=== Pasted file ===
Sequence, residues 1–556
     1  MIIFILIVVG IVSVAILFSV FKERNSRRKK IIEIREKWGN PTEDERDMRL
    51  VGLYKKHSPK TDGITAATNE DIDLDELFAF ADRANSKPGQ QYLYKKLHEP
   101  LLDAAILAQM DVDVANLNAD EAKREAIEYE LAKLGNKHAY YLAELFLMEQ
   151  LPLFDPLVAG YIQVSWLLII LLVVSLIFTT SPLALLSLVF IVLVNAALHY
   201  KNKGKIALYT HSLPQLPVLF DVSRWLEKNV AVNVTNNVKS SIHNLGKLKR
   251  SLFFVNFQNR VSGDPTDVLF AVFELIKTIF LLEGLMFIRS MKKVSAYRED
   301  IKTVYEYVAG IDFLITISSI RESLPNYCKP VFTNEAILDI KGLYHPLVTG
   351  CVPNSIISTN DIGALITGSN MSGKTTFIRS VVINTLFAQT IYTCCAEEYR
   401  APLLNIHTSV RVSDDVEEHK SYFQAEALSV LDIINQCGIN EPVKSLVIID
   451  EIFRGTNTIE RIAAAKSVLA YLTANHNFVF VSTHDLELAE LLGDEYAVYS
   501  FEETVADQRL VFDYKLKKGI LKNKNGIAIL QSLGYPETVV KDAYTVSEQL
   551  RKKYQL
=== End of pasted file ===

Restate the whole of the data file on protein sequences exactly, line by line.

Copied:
Sequence, residues 1–556
     1  MIIFILIVVG IVSVAILFSV FKERNSRRKK IIEIREKWGN PTEDERDMRL
    51  VGLYKKHSPK TDGITAATNE DIDLDELFAF ADRANSKPGQ QYLYKKLHEP
   101  LLDAAILAQM DVDVANLNAD EAKREAIEYE LAKLGNKHAY YLAELFLMEQ
   151  LPLFDPLVAG YIQVSWLLII LLVVSLIFTT SPLALLSLVF IVLVNAALHY
   201  KNKGKIALYT HSLPQLPVLF DVSRWLEKNV AVNVTNNVKS SIHNLGKLKR
   251  SLFFVNFQNR VSGDPTDVLF AVFELIKTIF LLEGLMFIRS MKKVSAYRED
   301  IKTVYEYVAG IDFLITISSI RESLPNYCKP VFTNEAILDI KGLYHPLVTG
   351  CVPNSIISTN DIGALITGSN MSGKTTFIRS VVINTLFAQT IYTCCAEEYR
   401  APLLNIHTSV RVSDDVEEHK SYFQAEALSV LDIINQCGIN EPVKSLVIID
   451  EIFRGTNTIE RIAAAKSVLA YLTANHNFVF VSTHDLELAE LLGDEYAVYS
   501  FEETVADQRL VFDYKLKKGI LKNKNGIAIL QSLGYPETVV KDAYTVSEQL
   551  RKKYQL